Mass. bill would ease penalties on probationers who fail drug tests

Massachusetts lawmakers are weighing a bill that would require courts prioritize treatment over penalties for people on probation who fail drug or alcohol tests.

Typically, failing a drug or alcohol test is considered a violation of probation, and a judge could incarcerate the person. Advocates say if passed, Massachusetts would be the only state that would specify that a positive test should not result in incarceration.

The bill, known as "An act relative to treatment, not imprisonment" was the subject of a legislative briefing Wednesday. A group of mental health and addiction experts and attorneys told lawmakers that the threat of incarceration impedes addiction treatment and punishes relapse, which they say is part of the disease of addiction.

"I saw hundreds of individuals placed in custody for merely relapsing, a symptom of their substance use disorder," said Deborah Goldfarb, Director of Behavioral Health at Boston Medical Center's Grayken Center for Addiction. "A correctional environment is not one that fosters recovery. And not only were folks not receiving appropriate treatment in custody, they are ripped away from any treatment connections they have."

The legislation, sponsored by state Rep. Ruth Balser and state Sen. Cindy Friedman, specifies that a positive drug or alcohol test or other signs of relapse would not be considered a probation violation if someone is following a treatment plan, trying to get care or has completed a program and is complying with other conditions of probation. The bill would also prohibit the courts from ordering more substance use testing than required by a treatment provider.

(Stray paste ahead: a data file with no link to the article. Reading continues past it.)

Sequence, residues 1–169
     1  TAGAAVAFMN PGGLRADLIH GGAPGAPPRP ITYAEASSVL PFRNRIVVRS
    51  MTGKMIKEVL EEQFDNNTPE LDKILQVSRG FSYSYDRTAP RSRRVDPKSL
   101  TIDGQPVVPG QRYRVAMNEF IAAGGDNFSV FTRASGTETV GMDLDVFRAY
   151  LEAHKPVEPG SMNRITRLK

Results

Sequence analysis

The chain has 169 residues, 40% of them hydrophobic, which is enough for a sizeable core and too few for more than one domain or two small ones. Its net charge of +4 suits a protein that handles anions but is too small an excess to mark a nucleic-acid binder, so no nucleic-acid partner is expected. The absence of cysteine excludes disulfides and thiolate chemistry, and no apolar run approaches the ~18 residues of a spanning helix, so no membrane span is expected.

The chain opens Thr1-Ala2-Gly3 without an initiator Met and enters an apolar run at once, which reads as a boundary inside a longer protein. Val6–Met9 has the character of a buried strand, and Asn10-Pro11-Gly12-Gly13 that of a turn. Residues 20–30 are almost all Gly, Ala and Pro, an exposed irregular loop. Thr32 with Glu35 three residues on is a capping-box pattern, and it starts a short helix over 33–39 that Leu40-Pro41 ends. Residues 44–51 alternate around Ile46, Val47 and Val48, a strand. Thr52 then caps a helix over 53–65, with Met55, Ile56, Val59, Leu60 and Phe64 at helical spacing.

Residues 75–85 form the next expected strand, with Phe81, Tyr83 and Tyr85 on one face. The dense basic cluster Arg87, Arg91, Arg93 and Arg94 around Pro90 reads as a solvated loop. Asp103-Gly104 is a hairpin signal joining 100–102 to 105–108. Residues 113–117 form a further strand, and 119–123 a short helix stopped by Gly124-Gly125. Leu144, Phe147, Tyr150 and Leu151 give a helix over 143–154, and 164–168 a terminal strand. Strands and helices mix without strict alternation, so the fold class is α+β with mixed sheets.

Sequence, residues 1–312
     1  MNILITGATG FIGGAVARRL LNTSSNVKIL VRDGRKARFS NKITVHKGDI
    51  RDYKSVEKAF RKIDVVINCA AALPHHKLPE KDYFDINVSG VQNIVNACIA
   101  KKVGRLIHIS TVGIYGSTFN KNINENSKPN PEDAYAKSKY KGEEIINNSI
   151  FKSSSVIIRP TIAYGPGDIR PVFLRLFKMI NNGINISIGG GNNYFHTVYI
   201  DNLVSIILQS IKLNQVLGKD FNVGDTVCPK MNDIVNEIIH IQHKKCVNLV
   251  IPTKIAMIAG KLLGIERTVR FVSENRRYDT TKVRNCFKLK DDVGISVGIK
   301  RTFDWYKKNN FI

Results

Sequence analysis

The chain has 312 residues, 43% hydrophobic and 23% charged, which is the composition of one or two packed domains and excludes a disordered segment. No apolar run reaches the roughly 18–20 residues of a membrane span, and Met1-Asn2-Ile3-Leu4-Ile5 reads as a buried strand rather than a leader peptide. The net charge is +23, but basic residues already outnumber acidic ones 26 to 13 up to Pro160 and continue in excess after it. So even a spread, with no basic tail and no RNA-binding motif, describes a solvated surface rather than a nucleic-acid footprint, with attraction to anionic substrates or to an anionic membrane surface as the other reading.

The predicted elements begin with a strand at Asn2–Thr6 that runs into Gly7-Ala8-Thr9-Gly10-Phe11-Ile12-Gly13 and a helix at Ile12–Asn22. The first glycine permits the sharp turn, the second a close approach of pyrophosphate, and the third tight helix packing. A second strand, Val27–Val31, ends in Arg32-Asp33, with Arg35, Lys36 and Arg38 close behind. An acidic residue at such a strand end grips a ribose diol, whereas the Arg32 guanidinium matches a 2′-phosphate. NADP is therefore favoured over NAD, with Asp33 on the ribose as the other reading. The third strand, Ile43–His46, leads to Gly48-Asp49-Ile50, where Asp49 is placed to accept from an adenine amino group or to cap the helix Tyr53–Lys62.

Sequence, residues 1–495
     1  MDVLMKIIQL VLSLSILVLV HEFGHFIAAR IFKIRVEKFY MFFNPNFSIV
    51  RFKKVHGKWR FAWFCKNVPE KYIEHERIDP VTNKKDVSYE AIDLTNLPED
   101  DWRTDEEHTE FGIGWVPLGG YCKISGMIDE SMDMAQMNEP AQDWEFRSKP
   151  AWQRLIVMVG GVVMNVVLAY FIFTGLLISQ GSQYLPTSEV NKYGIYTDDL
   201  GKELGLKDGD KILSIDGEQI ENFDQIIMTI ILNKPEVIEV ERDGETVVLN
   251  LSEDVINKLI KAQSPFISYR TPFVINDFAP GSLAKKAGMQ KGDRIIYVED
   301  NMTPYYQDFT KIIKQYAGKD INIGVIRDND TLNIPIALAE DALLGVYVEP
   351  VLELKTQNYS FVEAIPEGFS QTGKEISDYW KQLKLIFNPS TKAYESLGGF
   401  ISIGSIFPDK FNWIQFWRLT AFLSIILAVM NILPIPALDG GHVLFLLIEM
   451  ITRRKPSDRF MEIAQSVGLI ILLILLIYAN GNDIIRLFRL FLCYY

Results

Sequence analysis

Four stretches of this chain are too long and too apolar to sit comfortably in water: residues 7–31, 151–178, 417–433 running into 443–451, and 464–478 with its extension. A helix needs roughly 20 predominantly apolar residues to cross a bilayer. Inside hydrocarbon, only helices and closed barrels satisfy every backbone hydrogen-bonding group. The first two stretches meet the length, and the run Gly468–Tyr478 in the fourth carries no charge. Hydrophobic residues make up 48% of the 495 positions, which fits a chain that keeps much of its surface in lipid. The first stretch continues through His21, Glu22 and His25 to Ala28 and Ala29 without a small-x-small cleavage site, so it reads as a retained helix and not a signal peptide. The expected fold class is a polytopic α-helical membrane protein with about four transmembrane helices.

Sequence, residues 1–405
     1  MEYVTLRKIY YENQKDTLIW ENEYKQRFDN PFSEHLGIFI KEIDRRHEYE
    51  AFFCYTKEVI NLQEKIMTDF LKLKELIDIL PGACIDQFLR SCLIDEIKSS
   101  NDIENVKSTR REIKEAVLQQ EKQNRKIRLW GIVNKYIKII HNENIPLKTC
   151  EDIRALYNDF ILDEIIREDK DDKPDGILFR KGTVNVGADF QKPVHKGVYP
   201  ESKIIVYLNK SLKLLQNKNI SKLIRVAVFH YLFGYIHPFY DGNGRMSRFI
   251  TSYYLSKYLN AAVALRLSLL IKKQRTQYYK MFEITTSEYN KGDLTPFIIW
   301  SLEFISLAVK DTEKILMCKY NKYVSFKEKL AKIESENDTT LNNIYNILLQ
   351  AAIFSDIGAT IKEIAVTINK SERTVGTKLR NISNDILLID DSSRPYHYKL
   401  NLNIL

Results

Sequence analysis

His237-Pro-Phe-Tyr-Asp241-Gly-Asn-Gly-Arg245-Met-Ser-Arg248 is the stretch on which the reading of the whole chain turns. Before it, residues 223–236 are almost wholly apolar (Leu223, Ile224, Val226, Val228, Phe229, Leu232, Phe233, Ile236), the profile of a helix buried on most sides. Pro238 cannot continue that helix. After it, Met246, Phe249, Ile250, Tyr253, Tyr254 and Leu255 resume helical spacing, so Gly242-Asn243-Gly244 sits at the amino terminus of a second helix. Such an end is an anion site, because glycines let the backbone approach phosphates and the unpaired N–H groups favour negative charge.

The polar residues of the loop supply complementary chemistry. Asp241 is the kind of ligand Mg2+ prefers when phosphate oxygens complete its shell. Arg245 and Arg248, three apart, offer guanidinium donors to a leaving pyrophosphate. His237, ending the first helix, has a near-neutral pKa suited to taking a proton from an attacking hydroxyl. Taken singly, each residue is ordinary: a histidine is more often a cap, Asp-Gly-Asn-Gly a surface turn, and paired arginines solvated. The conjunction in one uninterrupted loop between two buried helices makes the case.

Attorney Lisa Newman Polk told lawmakers that her clients who were jailed for positive drug tests were often re-traumatized, jeopardizing their recoveries.

"The dehumanization of being strip searched, being ordered to bend over and show the bottom of yourself while naked, of being talked to as if you're an object and not a human being, I cannot emphasize enough how incredibly degrading this is, and how much that actually causes worse outcomes for addiction," Newman Polk said.

Remaining drug and alcohol-free is a common condition of probation, even if the crime for which someone is charged did not involve substance use. It's estimated that tens of thousands of people are on probation in Massachusetts.

The bill is now before the Joint Committee on the Judiciary. Similar legislation has been proposed before, but lawmakers didn't vote on it. Some say that could change amid rising opioid overdose deaths and more knowledge about substance use treatment.

"There is growing concern about the increasing problem of drug use and public policy makers are becoming more educated," Balser said. "So I'm hopeful the legislature will be receptive to changing policies to better reflect the science about the best way to respond to those with substance use disorders."

Headshot of Deborah Becker

Deborah Becker Host/Reporter
Deborah Becker is a senior correspondent and host at WBUR. Her reporting focuses on mental health, criminal justice and education.



More from WBUR

Listen Live